• When the cancer hits oxygen

    Asked by Blackmama on Friday, May 31, 2013

    When the cancer hits oxygen

    Hi all,
    Other question: I have always heard that when the cancer hits oxygen, it will spread like wildfire in your body. Is this true? If it is, how does the surgeon get it out? Further, what about all the air that hits it (nodule) when they are doing all of the biopsies? Thanks, Blackmama

    4 Answers from the Community

    4 answers
    • carm's Avatar

      No, that is a myth. Actually, the truth is that too much oxygen kills cancer. Thats why you rarely see heart cancer because the blood return into the ventricle is the most oxygen rich blood in the body. When normal cells get too much oxygen they give it to other organs, but cancer cells don't know how to process oxygen so the suffocate under it. I hope this answers your question. Best of luck to you, Carm RN.

      over 4 years ago
    • CAS1's Avatar

      I suggest you try and order the book which is available on line through the Bonnie J Addario foundation. I posted this a few days ago. If you have Lung Cancer its best that you try and educate yourself from reliable sources. Read that marital or even the booklets available through the Cancer Support Community . org. Then take your questions to your ONC. because even the material in the material is not as current as your DR.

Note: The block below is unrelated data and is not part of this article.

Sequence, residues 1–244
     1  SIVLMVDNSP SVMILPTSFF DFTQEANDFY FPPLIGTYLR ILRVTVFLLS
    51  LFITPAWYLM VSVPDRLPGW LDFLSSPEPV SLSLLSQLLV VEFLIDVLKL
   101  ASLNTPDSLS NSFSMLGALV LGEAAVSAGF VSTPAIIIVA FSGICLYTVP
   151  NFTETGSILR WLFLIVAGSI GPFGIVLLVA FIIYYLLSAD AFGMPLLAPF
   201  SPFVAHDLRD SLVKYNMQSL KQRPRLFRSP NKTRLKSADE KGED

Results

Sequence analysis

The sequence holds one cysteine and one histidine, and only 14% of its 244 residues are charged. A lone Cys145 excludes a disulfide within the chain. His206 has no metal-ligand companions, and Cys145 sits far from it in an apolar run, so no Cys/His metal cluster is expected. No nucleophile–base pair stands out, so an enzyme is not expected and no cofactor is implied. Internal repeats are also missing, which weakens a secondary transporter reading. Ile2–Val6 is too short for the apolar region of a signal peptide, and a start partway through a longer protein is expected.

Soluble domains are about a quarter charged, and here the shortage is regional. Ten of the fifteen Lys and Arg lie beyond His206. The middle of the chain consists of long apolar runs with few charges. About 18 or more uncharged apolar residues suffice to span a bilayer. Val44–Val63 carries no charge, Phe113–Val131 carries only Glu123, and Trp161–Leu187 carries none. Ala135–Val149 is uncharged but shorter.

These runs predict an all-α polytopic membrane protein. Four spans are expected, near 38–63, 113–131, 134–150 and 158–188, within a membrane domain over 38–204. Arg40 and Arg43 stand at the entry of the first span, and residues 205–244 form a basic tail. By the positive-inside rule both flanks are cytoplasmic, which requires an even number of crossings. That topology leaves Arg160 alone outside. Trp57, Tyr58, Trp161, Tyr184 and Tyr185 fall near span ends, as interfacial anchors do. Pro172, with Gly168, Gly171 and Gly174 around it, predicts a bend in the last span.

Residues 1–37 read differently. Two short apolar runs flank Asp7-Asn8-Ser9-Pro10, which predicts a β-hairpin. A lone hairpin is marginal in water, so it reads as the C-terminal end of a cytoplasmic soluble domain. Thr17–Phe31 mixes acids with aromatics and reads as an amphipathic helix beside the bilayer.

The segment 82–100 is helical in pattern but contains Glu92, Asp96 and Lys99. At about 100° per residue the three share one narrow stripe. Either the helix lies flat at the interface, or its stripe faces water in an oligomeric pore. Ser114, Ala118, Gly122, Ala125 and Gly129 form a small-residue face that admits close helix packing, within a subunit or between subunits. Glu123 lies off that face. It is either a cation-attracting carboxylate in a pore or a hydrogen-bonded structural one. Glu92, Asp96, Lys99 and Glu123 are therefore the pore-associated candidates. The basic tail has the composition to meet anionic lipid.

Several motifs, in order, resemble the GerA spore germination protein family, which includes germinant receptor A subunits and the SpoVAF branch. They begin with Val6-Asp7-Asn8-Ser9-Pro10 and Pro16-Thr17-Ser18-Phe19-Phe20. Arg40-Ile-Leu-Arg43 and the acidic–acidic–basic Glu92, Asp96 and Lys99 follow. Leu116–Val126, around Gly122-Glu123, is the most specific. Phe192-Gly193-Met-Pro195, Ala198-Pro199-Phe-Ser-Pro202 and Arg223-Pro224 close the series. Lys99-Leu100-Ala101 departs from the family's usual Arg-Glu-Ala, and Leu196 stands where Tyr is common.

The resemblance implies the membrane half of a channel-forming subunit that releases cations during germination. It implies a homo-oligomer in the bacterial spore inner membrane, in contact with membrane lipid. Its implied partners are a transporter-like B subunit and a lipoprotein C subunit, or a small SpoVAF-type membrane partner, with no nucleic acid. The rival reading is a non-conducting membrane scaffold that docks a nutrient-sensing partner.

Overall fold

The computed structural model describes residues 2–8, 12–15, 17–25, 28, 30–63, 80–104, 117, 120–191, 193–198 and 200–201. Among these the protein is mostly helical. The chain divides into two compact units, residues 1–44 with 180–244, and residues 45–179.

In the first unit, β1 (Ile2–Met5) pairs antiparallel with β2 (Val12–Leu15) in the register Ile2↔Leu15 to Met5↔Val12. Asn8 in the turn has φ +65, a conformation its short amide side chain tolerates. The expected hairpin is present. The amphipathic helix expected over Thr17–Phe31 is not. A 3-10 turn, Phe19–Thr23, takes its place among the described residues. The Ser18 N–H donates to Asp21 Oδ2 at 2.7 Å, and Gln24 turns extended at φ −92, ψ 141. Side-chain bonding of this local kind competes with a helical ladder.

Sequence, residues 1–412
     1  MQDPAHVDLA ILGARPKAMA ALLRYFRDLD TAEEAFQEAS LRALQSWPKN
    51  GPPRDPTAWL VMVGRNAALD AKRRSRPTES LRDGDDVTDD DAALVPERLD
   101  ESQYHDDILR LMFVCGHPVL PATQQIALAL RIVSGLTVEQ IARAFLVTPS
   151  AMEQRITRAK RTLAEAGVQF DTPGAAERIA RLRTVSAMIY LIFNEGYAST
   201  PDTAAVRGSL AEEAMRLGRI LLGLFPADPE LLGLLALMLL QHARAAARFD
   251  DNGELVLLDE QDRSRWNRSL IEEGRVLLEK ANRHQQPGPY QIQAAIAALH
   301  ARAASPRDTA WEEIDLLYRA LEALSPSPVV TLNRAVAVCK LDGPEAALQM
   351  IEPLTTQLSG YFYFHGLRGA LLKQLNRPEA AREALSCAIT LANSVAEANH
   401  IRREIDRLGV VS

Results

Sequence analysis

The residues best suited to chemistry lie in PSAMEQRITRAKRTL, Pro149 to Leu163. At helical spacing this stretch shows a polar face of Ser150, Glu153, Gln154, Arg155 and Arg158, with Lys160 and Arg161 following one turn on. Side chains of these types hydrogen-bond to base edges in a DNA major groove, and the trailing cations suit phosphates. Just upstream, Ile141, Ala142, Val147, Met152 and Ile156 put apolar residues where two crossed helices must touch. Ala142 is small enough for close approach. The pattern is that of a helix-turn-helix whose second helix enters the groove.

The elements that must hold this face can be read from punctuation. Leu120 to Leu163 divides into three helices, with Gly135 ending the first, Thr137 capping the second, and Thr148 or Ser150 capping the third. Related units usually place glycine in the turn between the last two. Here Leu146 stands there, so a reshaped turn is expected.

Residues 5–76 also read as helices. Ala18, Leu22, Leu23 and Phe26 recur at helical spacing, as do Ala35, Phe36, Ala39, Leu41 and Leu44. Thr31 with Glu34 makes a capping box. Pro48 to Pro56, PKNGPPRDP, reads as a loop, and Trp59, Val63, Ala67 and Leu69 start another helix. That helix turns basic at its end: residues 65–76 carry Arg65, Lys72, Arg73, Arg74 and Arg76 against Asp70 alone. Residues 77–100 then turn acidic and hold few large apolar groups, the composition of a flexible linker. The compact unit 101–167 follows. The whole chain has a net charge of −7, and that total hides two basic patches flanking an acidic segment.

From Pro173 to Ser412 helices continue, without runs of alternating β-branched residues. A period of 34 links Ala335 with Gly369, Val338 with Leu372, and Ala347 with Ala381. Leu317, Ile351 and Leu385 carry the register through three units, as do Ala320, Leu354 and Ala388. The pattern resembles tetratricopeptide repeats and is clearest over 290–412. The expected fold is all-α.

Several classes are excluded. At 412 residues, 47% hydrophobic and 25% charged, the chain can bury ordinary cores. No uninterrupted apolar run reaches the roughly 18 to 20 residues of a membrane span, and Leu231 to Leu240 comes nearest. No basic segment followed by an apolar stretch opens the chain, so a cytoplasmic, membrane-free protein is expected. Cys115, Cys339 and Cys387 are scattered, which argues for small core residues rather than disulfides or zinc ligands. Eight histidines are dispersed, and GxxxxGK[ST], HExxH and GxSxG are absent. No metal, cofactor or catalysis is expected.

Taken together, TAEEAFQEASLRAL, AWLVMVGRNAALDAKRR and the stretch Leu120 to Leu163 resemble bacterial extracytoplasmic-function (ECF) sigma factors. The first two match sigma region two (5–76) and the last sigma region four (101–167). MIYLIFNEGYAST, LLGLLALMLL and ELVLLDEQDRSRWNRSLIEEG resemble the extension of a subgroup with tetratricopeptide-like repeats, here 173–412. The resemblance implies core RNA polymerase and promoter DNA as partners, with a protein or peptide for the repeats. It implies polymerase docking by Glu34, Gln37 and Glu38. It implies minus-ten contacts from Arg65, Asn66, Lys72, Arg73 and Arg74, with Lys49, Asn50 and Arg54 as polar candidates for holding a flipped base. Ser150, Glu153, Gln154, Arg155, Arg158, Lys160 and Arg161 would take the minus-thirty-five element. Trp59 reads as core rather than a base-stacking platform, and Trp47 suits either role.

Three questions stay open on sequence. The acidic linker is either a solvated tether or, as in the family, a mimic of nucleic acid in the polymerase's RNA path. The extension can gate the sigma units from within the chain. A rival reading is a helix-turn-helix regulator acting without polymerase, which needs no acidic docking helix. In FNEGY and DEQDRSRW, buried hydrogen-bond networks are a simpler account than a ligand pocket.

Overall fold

you can ask these one off questions all day long but its not going to give you the knowledge you need as your foundation to care.

      over 4 years ago
    • SueRae1's Avatar

      Wow, I haven't heard that urban legion before. Carm and CAS1 have given you great advice.

      Best of luck with your treatment.

      over 4 years ago
    • Ydnar2xer's Avatar

      Urban legends abound! But that one doesn't make any sense. What about skin cancer? The growths are frequently on the surface of the skin--if oxygen "fed" cancer, wouldn't a person with skin cancer then be ENTIRELY COVERED with lesions? I agree w/the others! Read from the experts so that you can help eliminate these urban myths w/your friends and family! :-)

      over 4 years ago

    Help the community by answering this question:

    Create an account to post your answer Already have an account? Sign in!

    By using WhatNext, you agree to our User Agreement, and Privacy Policy

    Read and answer more adenocarcinoma, lung cancer questions.  Also, don't forget to check out our Adenocarcinoma, Lung Cancer page.